by John Galt
January 31, 2017 20:04 ET
President Donald Trump fulfills another promise to his voters, especially on the Evangelical Christian side of the slate, by nominating Judge Neil Gorsuch to become the next Supreme Court Justice to fill the vacancy left by Justice Scalia. This is a solid pick for a man with an originalist bent, pro-2nd Amendment, and a man who has defined his career as a true believer in our Constitution and not the garbage that the liberal activists have brought to the Supreme Court.
His background and profile is quite impressive (from the SCOTUS Blog):
Judge Neil Gorsuch of the U.S. Court of Appeals for the 10th Circuit was “taking a breather” in the middle of a ski run when he heard that Justice Antonin Scalia had died. In a speech last April, Gorsuch added that he was “not embarrassed to admit” he cried his way down the mountain. Nearly a year later, Gorsuch is being widely discussed as a possible replacement for Scalia, whom he called in that speech a “lion of the law.” President Donald Trump included Gorsuch’s name on a list of potential nominees to the Supreme Court, and Trump has also reportedly met with the judge.
If Trump does nominate Gorsuch, the judge’s 49 years would make him – despite his gray hair – among the youngest of recent Supreme Court nominees (Justice Clarence Thomas was 43 when nominated, and Chief Justice John Roberts and Justice Elena Kagan were both 50.). In the early 1980s, when Scalia was beginning his judicial career, Gorsuch was just beginning to assemble the glittering résumé that may have him at the cusp of an appointment to the court. President Ronald Reagan’s choice of Gorsuch’s mother, Anne Gorsuch Burford, to head the Environmental Protection Agency in 1981 brought the Denver teenager to Washington, where he attended Bethesda’s Georgetown Preparatory School and won a national debate championship. Gorsuch completed his undergraduate degree at Columbia University, where he co-founded a student newspaper that gave voice to conservative viewpoints, and his law degree at Harvard Law School, which he attended on a Truman Scholarship.
Gorsuch began his legal career in the early 1990s with a series of prestigious clerkships – for Judge David Sentelle of the U.S. Court of Appeals for the District of Columbia Circuit and on the U.S. Supreme Court for retired Justice Byron White, who shared him with Justice Anthony Kennedy. If nominated and confirmed, Gorsuch would be the first former law clerk to serve on the bench alongside his or her old boss. The Washington law firm Kellogg Huber recruited Gorsuch during his Supreme Court clerkship, but he deferred his start in private practice to attend Oxford University, on a Marshall Scholarship, where he received a doctorate after studying legal and moral issues surrounding assisted suicide and euthanasia under the Australian legal philosopher John Finnis.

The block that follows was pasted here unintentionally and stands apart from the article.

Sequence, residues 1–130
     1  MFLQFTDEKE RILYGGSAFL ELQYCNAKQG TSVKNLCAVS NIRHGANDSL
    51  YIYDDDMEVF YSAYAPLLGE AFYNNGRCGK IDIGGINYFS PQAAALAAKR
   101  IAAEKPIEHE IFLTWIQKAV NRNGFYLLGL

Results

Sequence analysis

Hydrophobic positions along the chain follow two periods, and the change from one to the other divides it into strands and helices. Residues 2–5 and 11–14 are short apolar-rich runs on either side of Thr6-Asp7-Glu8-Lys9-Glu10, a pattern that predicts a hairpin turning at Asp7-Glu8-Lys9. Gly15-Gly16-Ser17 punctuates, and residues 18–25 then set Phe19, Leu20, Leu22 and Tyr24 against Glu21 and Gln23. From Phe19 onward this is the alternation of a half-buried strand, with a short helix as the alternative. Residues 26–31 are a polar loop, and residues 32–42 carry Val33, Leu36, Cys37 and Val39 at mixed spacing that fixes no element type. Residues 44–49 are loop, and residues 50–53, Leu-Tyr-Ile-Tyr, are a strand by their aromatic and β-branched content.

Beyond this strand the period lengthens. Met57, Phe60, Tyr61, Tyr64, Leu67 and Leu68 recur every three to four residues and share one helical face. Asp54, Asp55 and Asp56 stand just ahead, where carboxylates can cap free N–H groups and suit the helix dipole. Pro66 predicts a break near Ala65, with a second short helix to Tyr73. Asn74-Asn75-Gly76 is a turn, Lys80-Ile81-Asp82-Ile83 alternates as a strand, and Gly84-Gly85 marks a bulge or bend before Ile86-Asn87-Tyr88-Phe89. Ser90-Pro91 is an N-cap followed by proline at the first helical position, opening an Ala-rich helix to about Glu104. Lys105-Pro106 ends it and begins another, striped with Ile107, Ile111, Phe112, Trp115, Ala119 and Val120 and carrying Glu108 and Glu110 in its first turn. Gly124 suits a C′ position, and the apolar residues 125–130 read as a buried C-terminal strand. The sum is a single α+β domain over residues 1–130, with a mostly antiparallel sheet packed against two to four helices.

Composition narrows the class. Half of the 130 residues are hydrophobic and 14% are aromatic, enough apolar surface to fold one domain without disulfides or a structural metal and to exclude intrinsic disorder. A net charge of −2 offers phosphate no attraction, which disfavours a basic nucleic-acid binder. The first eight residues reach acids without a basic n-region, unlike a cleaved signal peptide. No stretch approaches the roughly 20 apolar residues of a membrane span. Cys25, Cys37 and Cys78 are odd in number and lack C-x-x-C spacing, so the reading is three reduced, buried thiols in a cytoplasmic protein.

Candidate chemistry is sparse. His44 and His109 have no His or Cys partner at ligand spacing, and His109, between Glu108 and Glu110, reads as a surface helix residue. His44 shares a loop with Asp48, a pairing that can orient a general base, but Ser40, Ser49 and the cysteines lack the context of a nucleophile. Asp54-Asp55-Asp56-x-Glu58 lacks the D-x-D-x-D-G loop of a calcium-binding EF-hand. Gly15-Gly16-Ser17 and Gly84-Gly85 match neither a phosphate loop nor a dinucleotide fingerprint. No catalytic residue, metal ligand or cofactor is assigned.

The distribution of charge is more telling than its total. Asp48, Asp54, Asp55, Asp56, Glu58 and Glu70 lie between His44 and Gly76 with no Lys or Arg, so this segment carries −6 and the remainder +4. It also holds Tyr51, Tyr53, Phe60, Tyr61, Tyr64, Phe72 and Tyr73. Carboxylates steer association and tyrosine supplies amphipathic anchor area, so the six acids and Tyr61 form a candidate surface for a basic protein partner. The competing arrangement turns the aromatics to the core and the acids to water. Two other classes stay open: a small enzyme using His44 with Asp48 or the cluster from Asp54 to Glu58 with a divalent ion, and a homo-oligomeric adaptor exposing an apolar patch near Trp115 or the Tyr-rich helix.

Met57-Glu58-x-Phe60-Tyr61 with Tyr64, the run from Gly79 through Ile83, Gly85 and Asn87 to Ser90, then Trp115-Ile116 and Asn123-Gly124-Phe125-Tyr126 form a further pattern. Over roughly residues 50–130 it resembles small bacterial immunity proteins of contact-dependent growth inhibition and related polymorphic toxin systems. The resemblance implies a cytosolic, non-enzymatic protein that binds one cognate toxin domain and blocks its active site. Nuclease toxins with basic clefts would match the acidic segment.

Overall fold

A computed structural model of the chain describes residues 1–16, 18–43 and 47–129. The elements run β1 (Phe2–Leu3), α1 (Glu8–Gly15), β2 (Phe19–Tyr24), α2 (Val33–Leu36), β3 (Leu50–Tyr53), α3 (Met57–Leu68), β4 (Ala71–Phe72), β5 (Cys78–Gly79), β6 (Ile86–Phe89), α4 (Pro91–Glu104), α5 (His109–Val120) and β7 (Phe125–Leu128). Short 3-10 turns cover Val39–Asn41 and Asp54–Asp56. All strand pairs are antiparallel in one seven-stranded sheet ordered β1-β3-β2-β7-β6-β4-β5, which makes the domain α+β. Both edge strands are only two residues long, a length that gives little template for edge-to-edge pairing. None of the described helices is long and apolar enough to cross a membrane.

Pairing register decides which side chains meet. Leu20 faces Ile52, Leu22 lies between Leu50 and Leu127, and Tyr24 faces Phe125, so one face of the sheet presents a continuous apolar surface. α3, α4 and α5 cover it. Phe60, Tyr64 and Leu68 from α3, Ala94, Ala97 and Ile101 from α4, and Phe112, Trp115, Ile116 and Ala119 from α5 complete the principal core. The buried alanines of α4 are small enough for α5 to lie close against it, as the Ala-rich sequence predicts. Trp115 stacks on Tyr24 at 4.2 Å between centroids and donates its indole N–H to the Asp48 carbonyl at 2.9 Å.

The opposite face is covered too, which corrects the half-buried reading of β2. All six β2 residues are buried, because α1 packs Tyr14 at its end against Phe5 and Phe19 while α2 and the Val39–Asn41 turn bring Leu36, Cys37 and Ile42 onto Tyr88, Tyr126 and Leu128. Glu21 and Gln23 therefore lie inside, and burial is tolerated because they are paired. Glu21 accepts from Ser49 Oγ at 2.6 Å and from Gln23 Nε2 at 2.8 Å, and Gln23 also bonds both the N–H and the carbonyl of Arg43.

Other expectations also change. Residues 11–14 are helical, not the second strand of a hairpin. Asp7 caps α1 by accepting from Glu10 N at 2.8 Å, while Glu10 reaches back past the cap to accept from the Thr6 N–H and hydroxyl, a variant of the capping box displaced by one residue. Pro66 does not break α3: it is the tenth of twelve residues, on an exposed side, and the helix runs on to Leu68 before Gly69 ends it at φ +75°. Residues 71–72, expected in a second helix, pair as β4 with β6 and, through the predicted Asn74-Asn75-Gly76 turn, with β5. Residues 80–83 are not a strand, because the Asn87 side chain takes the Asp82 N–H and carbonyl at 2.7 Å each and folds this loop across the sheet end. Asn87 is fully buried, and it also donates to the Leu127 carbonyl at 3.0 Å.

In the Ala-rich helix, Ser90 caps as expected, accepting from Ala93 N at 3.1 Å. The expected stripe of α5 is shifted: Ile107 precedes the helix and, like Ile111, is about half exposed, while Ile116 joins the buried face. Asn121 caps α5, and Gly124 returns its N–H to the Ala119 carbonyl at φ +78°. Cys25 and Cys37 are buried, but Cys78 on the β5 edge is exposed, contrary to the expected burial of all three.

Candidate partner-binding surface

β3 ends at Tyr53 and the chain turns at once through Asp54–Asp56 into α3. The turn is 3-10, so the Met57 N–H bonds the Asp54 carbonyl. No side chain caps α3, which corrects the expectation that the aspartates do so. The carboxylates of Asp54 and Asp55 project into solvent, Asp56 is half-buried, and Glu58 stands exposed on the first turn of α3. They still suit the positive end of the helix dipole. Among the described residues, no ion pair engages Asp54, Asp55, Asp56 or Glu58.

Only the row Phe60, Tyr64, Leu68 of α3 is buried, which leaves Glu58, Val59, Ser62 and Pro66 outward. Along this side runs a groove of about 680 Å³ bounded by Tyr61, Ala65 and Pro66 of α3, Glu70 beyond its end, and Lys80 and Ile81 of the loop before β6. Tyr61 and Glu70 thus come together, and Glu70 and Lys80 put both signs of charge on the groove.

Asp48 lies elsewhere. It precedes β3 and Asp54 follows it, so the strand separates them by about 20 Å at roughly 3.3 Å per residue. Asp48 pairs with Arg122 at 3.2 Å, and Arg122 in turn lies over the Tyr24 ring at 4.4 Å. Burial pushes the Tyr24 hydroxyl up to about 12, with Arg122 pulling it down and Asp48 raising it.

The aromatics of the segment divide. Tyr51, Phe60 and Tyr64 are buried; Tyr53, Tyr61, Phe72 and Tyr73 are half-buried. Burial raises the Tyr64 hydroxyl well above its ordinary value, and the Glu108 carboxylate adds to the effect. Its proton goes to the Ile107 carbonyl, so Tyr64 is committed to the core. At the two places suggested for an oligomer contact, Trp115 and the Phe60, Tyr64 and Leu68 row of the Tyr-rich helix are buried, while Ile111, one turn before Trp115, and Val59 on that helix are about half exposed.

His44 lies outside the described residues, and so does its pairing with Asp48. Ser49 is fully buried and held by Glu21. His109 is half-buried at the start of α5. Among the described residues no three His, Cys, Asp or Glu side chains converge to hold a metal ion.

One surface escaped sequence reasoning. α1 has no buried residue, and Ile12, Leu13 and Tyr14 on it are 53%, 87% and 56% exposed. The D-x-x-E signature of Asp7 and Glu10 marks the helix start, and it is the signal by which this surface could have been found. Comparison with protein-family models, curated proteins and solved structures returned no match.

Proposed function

Gorsuch has continued to investigate assisted suicide and euthanasia in a book (“The Future of Assisted Suicide and Euthanasia”) and multiple articles in scholarly journals. As he wrote in the Wisconsin Law Review, Gorsuch believes that “any State’s decision to legalize assisted suicide would likely bring with it both benefits and some attendant costs, and, accordingly, the legalization question presents a difficult moral and legal choice.” A utilitarian approach to this choice “will not—and, more fundamentally, cannot—resolve the debate” because “any effort aimed at comparing the benefits and costs of assisted suicide rests on a conceptually flawed premise—namely that there exists a single scale or currency which we can use to measure fundamentally incommensurate goods.” In his book, Gorsuch elaborates on these ideas, proposing as a guiding principle the intrinsic value of human life and arguing that “to act intentionally against life is to suggest that its value rests only on its transient instrumental usefulness for other ends.” He suggests a standard that would leave room for patient autonomy while not allowing intentional killing.
As if that excerpt was not impressive enough, this one paragraph should tell my readers that this is a man with actual judicial integrity:
Legal ethics and judicial standards seem to be of particular interest to Gorsuch, and, judging by his comments in his speech about Scalia, he takes seriously the fact that judges swear an oath to uphold the Constitution. Gorsuch has also modeled judicial conduct off the bench. For instance, when he gave the 2013 keynote address at the Federalist Society National Lawyers Convention in Washington, Gorsuch did not follow the pattern of past speakers (including sitting judges) by giving a “rabble-rousing speech” in the hopes of advancing their visibility and careers, according to one Federalist Society member. Instead, Gorsuch spoke more dryly about “law’s irony,” which both constrains and guarantees our freedom. When asked about the choice of topics by Richard Samp of the Washington Legal Foundation, Gorsuch said he felt constrained by the code of judicial conduct not to discuss anything controversial.
Congratulations Judge Gorsuch and thank you again for showing some serious deliberation and integrity in this selection President Trump.